Introduction: Data on the association between exercise capacity and risk for heart failure (HF) in older adults are limited. Methods: This study examined the association of exercise capacity, and its change over time, with 10-year mortality and incident HF in 2,935 participants of the Health, Aging, and Body Composition Study without HF at baseline (age, 73.6 [SD=2.9] years; 52.1% women; 41.4% black; 58.6% white). This cohort was initiated in 1997-1998 and exercise capacity was evaluated with a long-distance corridor walk test (LDCW) at baseline and Year 4. Outcomes were collected in 2007-2008 and initial analysis performed in 2014. Results: Ten-year incident HF for completers (n=2,245); non-completers (n=331); and those excluded from LDCW for safety reasons (n=359) was 11.4%, 19.2%, and 23.0%, respectively. The corresponding 10-year mortality was 27.9%, 41.1%, and 42.4%. In models accounting for competing mortality, the adjusted subhazard ratio for HF was 1.37 (95% CI=1.00, 1.88;. p=0.049) in non-completers and 1.41 (95% CI=1.06, 1.89;. p=0.020) in those excluded versus completers. Non-completers (adjusted hazard ratio, 1.49; 95% CI=1.21, 1.84;. p<0.001) and those excluded (hazard ratio, 1.27; 95% CI=1.04, 1.55;. p=0.016) had elevated mortality. In adjusted models, LDCW performance variables were associated mainly with mortality. Only 20-meter walking speed and resting heart rate retained prognostic value for HF. Longitudinal changes in LDCW did not predict subsequent incident HF or mortality. Conclusions: Completing an LDCW is strongly associated with lower 10-year mortality and HF risk in older adults. Therefore, walking capacity may serve as an early risk marker.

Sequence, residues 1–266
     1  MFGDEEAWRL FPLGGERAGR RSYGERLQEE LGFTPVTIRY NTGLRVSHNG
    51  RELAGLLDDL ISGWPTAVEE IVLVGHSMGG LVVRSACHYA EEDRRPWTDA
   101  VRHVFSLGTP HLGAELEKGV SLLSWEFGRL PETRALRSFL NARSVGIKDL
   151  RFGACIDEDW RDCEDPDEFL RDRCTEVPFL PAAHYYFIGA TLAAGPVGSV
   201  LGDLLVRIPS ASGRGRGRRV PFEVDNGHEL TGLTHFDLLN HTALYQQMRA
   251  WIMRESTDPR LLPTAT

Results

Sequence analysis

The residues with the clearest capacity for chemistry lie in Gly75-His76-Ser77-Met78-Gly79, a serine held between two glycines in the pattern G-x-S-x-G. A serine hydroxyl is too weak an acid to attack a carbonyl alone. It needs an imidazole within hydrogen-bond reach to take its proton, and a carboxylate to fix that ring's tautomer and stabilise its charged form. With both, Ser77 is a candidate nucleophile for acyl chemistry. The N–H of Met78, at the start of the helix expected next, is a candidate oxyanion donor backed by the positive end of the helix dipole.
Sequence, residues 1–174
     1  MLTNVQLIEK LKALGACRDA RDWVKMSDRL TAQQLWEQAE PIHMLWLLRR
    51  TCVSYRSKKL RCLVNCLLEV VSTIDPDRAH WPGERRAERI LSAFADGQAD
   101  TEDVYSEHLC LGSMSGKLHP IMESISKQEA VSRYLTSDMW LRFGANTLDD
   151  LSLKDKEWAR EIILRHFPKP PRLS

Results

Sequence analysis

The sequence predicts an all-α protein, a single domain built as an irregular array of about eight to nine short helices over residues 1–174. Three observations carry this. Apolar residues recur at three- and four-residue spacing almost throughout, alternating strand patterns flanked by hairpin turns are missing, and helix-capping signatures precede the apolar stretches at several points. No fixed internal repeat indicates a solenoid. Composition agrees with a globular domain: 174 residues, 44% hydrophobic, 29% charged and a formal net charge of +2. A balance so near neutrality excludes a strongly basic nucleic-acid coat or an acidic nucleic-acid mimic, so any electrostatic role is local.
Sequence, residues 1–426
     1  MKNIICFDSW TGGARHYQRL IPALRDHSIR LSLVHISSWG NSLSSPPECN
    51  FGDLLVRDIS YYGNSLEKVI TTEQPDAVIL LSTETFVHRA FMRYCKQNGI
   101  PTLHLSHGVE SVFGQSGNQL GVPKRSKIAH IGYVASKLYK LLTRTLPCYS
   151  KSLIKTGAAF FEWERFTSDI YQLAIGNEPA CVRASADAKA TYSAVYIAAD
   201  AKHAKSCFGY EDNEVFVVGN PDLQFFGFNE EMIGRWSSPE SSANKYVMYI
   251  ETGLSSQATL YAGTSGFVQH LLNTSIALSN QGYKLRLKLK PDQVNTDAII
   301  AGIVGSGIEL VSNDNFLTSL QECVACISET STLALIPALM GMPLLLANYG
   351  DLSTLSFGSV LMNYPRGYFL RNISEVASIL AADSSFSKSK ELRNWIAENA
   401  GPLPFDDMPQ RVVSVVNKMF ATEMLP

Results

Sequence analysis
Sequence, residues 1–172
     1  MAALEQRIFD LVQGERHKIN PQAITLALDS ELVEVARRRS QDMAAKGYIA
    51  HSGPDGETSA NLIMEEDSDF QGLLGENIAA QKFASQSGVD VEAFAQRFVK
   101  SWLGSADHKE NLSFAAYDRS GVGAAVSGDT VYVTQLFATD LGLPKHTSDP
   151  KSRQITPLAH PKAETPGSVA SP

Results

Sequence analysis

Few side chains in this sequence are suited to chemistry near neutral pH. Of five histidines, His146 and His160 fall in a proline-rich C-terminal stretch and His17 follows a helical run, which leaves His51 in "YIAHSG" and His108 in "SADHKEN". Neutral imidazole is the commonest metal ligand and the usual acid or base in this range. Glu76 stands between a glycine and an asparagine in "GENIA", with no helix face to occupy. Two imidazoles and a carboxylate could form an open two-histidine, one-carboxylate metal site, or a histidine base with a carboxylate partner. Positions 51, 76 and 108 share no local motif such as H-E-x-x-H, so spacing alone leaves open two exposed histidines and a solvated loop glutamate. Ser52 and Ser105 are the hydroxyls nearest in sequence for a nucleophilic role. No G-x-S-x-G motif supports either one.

ASJC Scopus subject areas
- Public Health, Environmental and Occupational Health